Simulation 4 therefore produced nine datasets (3 values of noise × 3 values of floor), which are represented in Figure 5. Each model contained 2000 data points as in Simulations 2 and 3, although these data points are not shown in the figure (for reasons of clarity). Instead, Figure 5 plots the results of the negative exponential growth functions that were fitted to the resultant proportionalised effect data sets (note that absolute effects are not plotted in Figure 5, in contrast to Figures 2–4).
FIGURE 5. Results of Simulation 4, showing negative exponential growth functions fit to the simulated data for proportional effect of the manipulation plotted against baseline level of performance. Functional floor values are set to either 0 (A), 1 (B), or 2 (C) partial credit score values, with each panel showing the effect of SDs of noise of 2 (dotted line), 3 (solid line), or 4 (dashed line) partial credit scores.
The figure shows that when the floor is set at zero (or, more accurately, 0.01 partial credit score points) functions that look broadly similar to that seen in Figure 1 emerge (see Figure 5A), but with a more rapid rise to the asymptotic value and a correspondingly earlier inflection point in the function. In addition, the three different functions plotted in Figure 5A produce slightly different asymptotic levels of proportional cost, specifically 0.210, 0.086, and 0.003 for noise of 2, 3, or 4 SDs distribution respectively. This shows that these negative exponential growth functions are not adequately capturing the data, as all three models should converge on an asymptotic value of 0.30. One potential explanation for this failure is that there are insufficient negative proportional effect scores at low baseline performance levels. As a result, the model fails to adequately capture this section of the observed function (cf. Figure 1). However, it appears that these negative proportional effects do affect the overall function in a different way, essentially by lowering the asymptote value. In essence these functions are more linear (and negatively shifted down the Y-axis) than one would ideally want in order to recreate the function shown in Figure 1.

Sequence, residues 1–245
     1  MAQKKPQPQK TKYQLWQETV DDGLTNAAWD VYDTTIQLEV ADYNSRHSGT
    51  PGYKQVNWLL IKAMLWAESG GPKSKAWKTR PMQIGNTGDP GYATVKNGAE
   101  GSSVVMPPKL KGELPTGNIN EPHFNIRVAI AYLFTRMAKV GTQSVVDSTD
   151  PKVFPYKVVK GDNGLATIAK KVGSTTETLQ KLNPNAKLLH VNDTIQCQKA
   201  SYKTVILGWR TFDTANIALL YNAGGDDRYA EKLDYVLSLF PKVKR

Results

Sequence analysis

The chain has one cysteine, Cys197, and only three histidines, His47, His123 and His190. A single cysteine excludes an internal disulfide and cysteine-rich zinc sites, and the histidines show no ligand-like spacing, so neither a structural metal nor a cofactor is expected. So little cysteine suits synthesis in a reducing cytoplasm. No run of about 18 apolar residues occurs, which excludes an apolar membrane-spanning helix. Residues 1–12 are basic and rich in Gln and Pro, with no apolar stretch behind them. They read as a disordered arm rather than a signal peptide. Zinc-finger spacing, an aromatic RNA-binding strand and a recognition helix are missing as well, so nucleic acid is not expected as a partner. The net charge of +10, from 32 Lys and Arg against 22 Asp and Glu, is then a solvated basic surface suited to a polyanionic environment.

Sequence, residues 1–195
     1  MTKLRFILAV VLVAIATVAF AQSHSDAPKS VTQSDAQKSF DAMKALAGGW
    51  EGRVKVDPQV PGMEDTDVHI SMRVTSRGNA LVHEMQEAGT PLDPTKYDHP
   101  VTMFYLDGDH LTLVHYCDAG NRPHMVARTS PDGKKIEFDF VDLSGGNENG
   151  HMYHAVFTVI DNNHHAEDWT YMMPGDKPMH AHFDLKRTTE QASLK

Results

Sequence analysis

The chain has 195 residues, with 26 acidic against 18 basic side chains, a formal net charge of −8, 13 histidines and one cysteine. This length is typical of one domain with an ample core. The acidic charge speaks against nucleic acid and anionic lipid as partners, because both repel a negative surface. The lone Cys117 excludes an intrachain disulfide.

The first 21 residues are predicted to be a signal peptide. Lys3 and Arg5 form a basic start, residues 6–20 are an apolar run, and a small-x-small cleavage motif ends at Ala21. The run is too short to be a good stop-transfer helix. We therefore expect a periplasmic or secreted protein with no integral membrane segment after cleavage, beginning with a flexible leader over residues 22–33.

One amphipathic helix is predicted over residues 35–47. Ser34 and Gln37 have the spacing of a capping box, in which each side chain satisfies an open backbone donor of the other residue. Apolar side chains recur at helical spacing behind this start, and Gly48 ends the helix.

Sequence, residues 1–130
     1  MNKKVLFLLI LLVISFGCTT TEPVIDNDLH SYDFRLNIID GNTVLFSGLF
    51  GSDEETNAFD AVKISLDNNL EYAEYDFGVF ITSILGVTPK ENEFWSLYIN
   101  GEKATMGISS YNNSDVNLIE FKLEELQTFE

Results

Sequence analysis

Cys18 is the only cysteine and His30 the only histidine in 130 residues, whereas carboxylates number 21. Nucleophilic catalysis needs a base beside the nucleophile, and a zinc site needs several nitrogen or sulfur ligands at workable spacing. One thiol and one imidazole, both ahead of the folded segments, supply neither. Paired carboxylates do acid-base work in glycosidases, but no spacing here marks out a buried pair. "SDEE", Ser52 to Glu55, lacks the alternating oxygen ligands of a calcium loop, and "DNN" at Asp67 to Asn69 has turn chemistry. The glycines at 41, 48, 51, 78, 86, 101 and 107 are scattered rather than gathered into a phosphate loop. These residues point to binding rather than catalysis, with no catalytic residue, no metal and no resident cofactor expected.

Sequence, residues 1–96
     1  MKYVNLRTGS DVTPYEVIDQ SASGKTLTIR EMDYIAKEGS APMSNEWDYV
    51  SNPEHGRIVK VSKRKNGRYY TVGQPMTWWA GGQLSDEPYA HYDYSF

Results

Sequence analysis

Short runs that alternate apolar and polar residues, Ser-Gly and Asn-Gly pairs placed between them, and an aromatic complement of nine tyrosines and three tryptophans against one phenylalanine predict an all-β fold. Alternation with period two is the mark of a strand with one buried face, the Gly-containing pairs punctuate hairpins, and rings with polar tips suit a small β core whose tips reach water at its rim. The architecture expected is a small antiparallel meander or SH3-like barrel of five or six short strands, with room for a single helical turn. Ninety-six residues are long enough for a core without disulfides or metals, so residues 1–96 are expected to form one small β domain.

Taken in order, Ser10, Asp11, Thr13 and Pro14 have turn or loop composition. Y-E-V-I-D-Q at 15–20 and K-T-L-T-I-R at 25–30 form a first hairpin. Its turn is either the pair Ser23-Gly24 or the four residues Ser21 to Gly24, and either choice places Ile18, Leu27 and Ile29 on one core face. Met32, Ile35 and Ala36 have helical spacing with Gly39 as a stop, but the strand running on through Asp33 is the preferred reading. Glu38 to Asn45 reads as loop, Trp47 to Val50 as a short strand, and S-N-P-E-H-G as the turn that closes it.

In contrast, when a floor that is greater than zero is employed (Figures 5B,C), the functions much more clearly mirror that shown in Figure 1; the larger floor value giving rise to fewer very negative proportional effect scores at low levels of baseline recall. Furthermore, the greater the noise associated with the estimates of baseline and referent performance, the longer the function takes to reach its asymptotic value. Importantly, in panels B and C the functions do converge on the same asymptote value, corresponding to a 30% proportional cost of the manipulation.
The first aim of this paper was to present a series of simulations of children’s potential short-term memory performance under different experimental conditions. This was done in order to test whether a proportional scaling model can effectively account for the pattern of data seen in developmental studies, and to explore what additional assumptions might be needed to adequately capture the full range of performance observed at all ages. The second aim was to provide an indication of the ways in which future empirical research in this area might take proportional scaling into account, and how developmental data might be best measured and modeled in such studies.